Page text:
One simple but significant feature is the fact that the centrally-positioned driver sits at a height of 1.8 metres – or to put it another way, eye-level for an adult. A huge glasshouse cabin offers 220 degrees of visibility whilst 360 degree cameras fill in the bits the driver cannot directly observe. A clean, minimalist dashboard reduces cognitive overload and an advanced driver assistance systems (ADAS) add an electronic safety net.
The battery's location, centrally within the chassis rails and its stable properties if punctured also enhance the overall safety of the Zero. It can also be recycled at the end of its useful life, adding further to the sustainability element of Volta's operations.
Starting with a fleet of 12 pilot vehicles, in the first half of next year Volta will be used by logistics companies around Europe for real-world testing. A first quota of 500 trucks is planned by the end of 2022. DPD in the UK and Bring and Posten in Nordic markets have already been announced.
“We won't put names out but most of our trial fleet for 2021 is allocated already,” said Rob. “There's interest from B2B, food and beverage, retail, supermarket and even heavy duty B2C such as white goods delivery. We've actually taken deposits against some of our 2022 production so we've already sold some of our first 500.”
Naturally, the Zero will cost more than an equivalent diesel truck, but Volta's argument – and it's one that applies across the EV spectrum – is that total cost of ownership (TCO) is almost always less.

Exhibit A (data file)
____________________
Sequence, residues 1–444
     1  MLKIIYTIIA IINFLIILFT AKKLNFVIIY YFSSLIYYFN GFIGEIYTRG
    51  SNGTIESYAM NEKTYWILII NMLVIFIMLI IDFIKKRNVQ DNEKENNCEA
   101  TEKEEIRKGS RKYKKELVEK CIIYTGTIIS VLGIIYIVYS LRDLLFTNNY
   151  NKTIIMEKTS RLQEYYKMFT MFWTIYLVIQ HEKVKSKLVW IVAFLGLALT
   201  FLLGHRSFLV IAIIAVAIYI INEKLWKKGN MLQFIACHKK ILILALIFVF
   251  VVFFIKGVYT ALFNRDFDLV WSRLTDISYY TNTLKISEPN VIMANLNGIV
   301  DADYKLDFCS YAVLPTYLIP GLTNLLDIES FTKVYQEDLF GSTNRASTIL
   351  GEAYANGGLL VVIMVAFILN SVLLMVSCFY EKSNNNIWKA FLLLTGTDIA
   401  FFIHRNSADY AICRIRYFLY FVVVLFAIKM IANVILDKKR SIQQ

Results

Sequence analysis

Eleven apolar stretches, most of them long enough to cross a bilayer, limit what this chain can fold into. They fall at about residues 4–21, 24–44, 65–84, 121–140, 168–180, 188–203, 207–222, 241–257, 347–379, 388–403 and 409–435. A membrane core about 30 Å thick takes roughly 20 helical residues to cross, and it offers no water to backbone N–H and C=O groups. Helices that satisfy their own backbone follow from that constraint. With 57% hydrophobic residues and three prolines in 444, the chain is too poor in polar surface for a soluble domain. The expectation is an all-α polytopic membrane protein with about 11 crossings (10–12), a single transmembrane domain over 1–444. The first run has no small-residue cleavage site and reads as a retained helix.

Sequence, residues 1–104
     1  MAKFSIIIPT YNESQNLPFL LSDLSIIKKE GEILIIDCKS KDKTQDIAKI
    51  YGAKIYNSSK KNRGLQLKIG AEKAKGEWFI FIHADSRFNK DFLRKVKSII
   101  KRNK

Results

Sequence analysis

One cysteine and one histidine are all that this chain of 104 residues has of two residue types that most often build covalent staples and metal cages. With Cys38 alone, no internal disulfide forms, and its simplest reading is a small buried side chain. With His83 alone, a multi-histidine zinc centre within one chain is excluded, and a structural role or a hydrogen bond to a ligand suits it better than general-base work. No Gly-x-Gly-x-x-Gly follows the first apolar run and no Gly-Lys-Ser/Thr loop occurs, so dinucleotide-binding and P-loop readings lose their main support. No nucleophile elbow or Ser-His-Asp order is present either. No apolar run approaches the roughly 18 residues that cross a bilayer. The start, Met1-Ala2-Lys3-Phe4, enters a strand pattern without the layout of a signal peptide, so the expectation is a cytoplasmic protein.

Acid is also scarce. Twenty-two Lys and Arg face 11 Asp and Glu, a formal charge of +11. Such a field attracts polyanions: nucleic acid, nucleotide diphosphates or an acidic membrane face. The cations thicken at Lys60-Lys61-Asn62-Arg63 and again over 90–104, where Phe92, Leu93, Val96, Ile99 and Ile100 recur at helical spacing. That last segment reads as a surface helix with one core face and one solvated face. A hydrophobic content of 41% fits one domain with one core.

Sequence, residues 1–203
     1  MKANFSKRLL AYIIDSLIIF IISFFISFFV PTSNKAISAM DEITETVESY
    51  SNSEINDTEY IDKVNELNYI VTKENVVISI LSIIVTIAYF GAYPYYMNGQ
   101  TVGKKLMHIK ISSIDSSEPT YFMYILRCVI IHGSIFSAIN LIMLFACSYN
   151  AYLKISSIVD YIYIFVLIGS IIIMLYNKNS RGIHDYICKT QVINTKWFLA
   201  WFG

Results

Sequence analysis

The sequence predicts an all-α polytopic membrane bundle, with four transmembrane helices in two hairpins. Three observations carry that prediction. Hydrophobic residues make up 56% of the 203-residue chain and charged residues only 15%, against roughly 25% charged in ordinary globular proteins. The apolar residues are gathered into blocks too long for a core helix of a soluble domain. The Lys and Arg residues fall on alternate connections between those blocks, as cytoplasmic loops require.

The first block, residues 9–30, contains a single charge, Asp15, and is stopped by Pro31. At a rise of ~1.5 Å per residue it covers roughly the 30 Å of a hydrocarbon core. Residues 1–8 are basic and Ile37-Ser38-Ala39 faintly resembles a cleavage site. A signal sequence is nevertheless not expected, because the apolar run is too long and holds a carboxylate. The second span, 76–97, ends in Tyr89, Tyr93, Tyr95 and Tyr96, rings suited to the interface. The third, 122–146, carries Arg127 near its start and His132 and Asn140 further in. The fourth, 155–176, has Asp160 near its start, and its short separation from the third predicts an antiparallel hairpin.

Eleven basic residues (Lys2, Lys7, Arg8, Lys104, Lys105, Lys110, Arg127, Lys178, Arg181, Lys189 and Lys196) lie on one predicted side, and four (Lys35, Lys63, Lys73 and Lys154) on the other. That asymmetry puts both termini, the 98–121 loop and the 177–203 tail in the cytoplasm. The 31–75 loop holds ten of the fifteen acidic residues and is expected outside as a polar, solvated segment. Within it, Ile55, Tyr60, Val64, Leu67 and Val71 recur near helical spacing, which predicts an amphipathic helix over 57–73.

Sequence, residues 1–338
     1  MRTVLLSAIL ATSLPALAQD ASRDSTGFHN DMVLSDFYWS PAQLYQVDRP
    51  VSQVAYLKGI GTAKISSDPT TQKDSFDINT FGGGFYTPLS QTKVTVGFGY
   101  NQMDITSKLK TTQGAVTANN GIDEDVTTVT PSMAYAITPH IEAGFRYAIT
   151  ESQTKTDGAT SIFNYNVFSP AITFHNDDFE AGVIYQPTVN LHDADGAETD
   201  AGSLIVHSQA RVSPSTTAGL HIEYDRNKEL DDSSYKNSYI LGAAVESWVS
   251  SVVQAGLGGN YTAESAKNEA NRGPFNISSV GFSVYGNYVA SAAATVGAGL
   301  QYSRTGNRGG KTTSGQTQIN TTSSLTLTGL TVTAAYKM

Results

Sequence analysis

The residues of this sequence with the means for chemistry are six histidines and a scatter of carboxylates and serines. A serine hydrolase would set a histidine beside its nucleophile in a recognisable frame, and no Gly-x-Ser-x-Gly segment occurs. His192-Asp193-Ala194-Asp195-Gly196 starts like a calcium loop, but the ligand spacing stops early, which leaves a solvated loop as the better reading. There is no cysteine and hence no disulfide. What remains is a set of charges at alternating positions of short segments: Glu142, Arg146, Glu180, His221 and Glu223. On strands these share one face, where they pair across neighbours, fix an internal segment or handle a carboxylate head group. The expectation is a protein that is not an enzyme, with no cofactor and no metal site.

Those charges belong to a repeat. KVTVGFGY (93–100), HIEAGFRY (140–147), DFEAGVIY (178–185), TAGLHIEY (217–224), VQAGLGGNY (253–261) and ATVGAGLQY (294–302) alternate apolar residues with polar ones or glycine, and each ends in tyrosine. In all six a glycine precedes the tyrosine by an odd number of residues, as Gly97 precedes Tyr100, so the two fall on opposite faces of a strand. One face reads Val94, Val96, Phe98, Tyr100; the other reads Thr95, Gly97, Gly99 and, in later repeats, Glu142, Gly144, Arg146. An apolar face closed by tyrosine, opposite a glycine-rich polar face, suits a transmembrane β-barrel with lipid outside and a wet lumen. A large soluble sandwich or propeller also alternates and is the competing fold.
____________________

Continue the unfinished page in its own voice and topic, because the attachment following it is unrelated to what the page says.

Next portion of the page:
“Whilst purchase cost is undoubtedly higher, running cost is undoubtedly lower, so it's very much an offset between the two,” states Rob. “From our point of view our total cost modelling, which we've already shared with customers, shows TCO as comparable to a diesel vehicle. Once you get the points across that the vehicle has the range buyers require, the charging infrastructure and it costs the same as a diesel vehicle, it's a very nice place to be.”
There's more good news for would-be buyers: “We also haven't included congestion charges and local emissions taxes in the TCO as we can't guarantee that those measures will be there in 10 years. As such, as a base level we can demonstrate that the total cost over a given number of years will be the same as a diesel vehicle and that's a key piece in a tight margin industry.”